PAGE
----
2000s Archive

Having a Grand Time, Chicago

Originally Published October 2009
Here’s the deal: We offered some of our favorite restaurant critics a theoretical $1,000 to spend dining out in their home city. In considering how they would use their funny money, which had to cover meals for two, drinks, tax, and tip, these professional omnivores cast a spotlight on their own proclivities, as well as on the thrilling diversity of their respective cities. The result? Some very tasty inspiration.
bridges of the chicago river

To showcase several of the Windy City’s most accomplished chefs—and its most stunning views—I would orchestrate a four-course tasting menu in the guise of a movable feast. (To replicate this meal, call ahead to make arrangements with the chefs.)


$249 Many gourmets believe Spiaggia is the best Italian restaurant between the coasts. Its setting overlooking Lake Michigan is equally delicious. Tony Mantuano, a chef devoted to sourcing pristine ingredients from Italy, outdoes himself with a trio of appetizers: zucchini flowers stuffed with mozzarella di bufala and marinated in vintage Molise olive oil; Venetian cuttlefish eggs with osetra caviar from Lombardy; and a combination of Piedmontese white truffle and a tartare of aged prime strip steak. The wine is Franciacorta, Brut Saten from Ricci Curbastro. 980 N. Michigan Ave., Chicago (312-280-2750; Spiaggia)

$238 At 40th-floor Everest, chef Jean Joho prepares three more appetizers. He begins with Salt Point Pacific oysters and a half bottle of Josmeyer’s 2001 Pinot Gris, Hengst Grand Cru; follows up with braised pork cheeks with a mustard-bread-crumb coating and pickled veal tongue; and ends with hazelnut-crusted skate wing. 440 S. LaSalle St., 40th Floor, Chicago (312-663-8920; Everest)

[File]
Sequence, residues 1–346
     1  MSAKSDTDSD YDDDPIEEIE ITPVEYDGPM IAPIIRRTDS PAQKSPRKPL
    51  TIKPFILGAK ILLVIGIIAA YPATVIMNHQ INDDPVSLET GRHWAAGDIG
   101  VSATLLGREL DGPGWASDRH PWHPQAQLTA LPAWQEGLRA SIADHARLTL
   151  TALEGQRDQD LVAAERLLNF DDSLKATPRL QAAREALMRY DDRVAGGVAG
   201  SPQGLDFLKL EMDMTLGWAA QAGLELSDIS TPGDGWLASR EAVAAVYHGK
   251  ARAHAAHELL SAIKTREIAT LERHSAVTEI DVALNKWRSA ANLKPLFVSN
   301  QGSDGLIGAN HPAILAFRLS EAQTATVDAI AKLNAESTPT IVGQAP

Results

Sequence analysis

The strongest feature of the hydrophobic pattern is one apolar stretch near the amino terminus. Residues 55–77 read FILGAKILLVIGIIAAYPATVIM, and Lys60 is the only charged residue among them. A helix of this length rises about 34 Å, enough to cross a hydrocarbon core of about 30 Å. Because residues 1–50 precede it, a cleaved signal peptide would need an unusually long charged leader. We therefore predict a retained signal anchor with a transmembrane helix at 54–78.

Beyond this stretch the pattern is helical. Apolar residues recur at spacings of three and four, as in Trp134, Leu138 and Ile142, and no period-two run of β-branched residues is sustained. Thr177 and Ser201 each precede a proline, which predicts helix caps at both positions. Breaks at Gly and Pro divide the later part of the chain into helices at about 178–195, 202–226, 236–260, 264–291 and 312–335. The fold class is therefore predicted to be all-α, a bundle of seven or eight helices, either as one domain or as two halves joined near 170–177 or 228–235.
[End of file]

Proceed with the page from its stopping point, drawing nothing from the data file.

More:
$242 On to NoMI, located high above North Michigan Avenue, where chef Christophe David unveils a two-part main course of lamb: First, confit of neck and shoulder meat, baked in pastry with pistachios, dried apricots, and currants, is paired with Château de Beaucastel 2005. Next, salt-encrusted racks of lamb are carved and served with piquillo-pepper purée and smoked eggplant. Park Hyatt, 800 N. Michigan Ave., 7th Floor, Chicago (312-239-4030; NoMI)

$247 We finish our feast at Sixteen, on the 16th floor of the Trump International Hotel, where pastry chef Hichem Lahreche proffers a “pre-dessert” of pineapple and papaya cooked sous vide and anointed with yogurt cream and a cloud of green tea foam. The main dessert is a chocolate purse filled with chocolate cake and chocolate mousse and garnished with a scoop of bittersweet chocolate ice cream. Finally, a server sprays a mist of chocolate-steeped Cognac over everything. The wine capable of coping with these intense flavors is Banyuls Grand Cru 1995, Cave de L’Abbé Rous. Trump International, 401 N. Wabash Ave., 16th Floor, Chicago (312-588-8030; Sixteen)

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